Where else would you learn about U.G. Krishnamurti who offers, in the words of the rating service: "[N]o message for mankind . . . No gatherings, no lectures, no courses, no method, no mantras, no organization, no office, no secretary, no telephone number, no fax and no fixed address."
DO IT! Honestly, I don't know if I've seen a more unintentionally funny clip this year than the one you'll find if you click here and then click on "professional journalism." Suffice it to say that CNN apparently is having some difficulty finding stuff to fill the spaces between Schiavo-palooza, and this clip involving "reporter" Rick Sanchez and a 50,000 volt stun gun demonstrates exactly how far they'll go.
YOU CAN RIDE MY TAIL ANYTIME: Expanding the turf Quentin Tarantino covered a decade ago, one website presents more Dynamic Homoerotic Duos of Hollywood. HoYay!
THIS IS THE REAL TEST OF A DRINK'S THICKNESS: I might be remiss, amid all this talk of Wendy's, were I to not point you towards excerpts from Joe Wenderoth's Letters to Wendy's (some text NSFW), a collection of letters Wenderoth wrote on the restaurant's "Tell Us About Your Visit" cards:
September 20, 1996

Today I had a Biggie. Usually I just have a small, and refill. Why pay more? But today I needed a Biggie inside me. Some days, I guess, are like that. Only a Biggie will do. You wake up and you know: today I will get a Biggie and I will put it inside me and I will feel better. One time I saw a guy with three Biggies at once. One wonders not about him but about what it is that holds us back.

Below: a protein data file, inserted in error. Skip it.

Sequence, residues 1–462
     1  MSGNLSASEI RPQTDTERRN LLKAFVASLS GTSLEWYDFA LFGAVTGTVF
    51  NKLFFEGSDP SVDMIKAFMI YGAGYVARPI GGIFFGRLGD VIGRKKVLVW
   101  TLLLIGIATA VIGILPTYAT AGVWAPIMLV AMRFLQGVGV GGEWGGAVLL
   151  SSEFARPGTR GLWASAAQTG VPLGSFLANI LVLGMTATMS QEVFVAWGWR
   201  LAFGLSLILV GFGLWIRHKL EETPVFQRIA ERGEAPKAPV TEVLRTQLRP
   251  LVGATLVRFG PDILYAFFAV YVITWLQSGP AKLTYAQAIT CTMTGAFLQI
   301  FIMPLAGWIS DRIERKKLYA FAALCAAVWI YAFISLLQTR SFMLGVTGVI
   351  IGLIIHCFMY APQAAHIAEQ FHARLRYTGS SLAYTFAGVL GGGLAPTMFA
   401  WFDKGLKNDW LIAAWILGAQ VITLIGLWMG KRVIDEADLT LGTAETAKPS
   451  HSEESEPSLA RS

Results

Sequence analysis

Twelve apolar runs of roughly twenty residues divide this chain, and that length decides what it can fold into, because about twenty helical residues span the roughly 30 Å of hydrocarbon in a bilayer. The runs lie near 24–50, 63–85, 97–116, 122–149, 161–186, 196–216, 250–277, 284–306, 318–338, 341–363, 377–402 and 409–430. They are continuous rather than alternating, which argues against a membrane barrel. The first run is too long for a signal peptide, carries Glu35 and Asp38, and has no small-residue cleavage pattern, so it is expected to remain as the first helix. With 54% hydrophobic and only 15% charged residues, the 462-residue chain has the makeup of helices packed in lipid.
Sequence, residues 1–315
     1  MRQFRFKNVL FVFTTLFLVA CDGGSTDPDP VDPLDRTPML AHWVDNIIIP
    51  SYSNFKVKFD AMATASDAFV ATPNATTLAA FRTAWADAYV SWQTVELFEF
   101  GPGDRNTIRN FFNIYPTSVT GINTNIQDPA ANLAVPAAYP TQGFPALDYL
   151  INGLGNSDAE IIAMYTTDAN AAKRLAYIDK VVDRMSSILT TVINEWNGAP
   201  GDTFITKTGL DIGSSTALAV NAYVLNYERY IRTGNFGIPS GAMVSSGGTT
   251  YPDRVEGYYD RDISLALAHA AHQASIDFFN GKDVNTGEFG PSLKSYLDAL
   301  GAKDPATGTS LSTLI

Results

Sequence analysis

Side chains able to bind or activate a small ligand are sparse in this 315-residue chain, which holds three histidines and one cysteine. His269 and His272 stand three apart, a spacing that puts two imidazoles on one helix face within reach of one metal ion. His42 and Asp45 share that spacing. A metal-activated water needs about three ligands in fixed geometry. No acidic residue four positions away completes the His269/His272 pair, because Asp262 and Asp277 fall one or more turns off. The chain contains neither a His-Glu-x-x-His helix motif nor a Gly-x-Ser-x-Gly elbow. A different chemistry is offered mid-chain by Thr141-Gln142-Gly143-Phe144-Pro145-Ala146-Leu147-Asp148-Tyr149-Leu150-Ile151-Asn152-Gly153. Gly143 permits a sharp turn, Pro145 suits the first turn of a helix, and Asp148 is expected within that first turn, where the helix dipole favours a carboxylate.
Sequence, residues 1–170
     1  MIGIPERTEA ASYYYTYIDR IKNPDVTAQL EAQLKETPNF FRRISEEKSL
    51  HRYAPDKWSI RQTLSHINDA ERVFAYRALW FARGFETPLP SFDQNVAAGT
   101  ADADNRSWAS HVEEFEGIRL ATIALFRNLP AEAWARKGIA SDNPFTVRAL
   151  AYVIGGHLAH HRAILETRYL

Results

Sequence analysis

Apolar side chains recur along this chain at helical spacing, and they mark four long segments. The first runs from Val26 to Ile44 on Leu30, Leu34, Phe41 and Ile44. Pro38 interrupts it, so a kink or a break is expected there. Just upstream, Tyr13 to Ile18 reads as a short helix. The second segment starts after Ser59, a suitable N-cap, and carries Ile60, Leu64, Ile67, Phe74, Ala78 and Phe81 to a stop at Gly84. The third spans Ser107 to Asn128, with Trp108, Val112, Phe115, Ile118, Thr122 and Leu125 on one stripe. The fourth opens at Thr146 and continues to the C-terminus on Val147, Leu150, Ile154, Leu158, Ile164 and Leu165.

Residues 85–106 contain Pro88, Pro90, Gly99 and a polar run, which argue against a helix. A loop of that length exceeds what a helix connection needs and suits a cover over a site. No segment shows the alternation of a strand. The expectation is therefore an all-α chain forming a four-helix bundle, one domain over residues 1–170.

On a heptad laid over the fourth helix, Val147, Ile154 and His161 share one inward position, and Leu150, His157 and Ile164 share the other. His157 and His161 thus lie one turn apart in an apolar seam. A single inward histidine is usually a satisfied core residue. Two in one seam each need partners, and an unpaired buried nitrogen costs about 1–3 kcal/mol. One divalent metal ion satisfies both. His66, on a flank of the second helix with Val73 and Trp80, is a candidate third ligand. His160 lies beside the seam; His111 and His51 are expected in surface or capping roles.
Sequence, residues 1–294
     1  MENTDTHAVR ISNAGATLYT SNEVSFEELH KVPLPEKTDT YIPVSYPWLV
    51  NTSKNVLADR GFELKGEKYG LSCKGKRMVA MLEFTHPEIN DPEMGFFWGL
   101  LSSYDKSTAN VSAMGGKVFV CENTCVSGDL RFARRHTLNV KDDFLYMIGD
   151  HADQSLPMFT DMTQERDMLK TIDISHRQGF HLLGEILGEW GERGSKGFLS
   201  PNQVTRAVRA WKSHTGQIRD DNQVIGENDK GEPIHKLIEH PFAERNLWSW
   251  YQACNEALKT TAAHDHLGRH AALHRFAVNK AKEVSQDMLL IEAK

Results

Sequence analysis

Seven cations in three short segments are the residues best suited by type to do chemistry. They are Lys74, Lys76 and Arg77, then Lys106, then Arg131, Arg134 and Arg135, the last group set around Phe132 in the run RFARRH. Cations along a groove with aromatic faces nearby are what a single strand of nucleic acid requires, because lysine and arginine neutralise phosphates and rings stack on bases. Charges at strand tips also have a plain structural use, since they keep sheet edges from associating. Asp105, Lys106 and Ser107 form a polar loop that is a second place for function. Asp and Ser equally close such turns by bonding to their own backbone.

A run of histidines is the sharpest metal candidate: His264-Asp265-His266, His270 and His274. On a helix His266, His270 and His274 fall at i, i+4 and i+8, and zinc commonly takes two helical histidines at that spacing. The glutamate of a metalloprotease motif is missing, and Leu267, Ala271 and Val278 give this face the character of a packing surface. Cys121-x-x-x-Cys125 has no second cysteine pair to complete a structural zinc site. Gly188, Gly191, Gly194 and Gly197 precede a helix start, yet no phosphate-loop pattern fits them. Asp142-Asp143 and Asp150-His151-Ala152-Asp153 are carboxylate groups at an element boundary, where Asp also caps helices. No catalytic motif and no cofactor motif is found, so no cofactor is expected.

More here.

Friday, March 25, 2005

SADLY, IT'S ONLY MADE $300,000 SO FAR: You've probably not heard much about "Millions," which Fox Searchlight has kind of dumped in its quest to find another "Napoleon Dynamite." Since this film is far more "arty" and family oriented than Searchlight's last big success, they've chosen to dump it. The plot is simple--shortly after two children lose their mother and move to a new town, the younger one, played wonderfully by complete unknown Alexander Nathan Etel, builds a fort out of boxes which he uses to spur daydreams. However, when a bag of money falls out of the sky, the family is changed forever--especially since the younger child believes he's talking to God. Of course, in an American film, this could lead to cut rate slapstick comedy, or (after the revelation of where the money came from) a cookie-cutter "thriller." Instead, the movie maintains a kind of dreamlike tone, as the children try to figure out how to do what's right with the money. The only detraction is an ending that abandons logic, but the film as a whole is an authentic and touching film for the entire family--it's well worth your time, and ought to become a Christmas perennial (most of the film is set at Christmas). It's only in 77 theatres right now, but will continue to expand over the next few weeks, so check it out.

In fact, the only false notes were in the trailers, which included "Herbie: Fully Loaded," which only deepens my despair over Michael Keaton's career, and "Roll Bounce," the upcoming movie about roller disco.
MARGIN OF ERROR IS +/- 25 RBI: Apparently, polling firms need something to do now that we're in the political off-season, so they're surveying Baseball's Hall of Fame voters to see how they feel about McGwire and Bonds being in the Hall. Bonds was at 80.8% among those surveyed, while McGwire was at 55.6%. The article scores automatic bonus points due to mention of the hatable Dan Le Batard, who gives Bonds some dap.
NEXT, THE ANNOTATED "JOEY:" I'm a big fan of annotations. For instance, large chunks of Shakespeare are (at least to me) somewhat incomprehensible without annotations, and The Annotated Sherlock Holmes is somewhat charming (if more than a bit obsessive). Hell, arguably this blog is an attempt to provide slective annotations to the world of pop culture. But do we really need "USA Today" to annotate "The O.C." for us? My favorite are explanations of what exactly references to the magazines GQ and National Geographic relate to.

Thursday, March 24, 2005

IT INCLUDES THE SCHWA, BUT NO 'Q', BECAUSE THAT'S A YANKEE LETTER: Ballplayers getting arrested for DUIs? It's unfortunately, but typical.

Baltimore Oriole Eric DuBose's explanation, however, bears noting: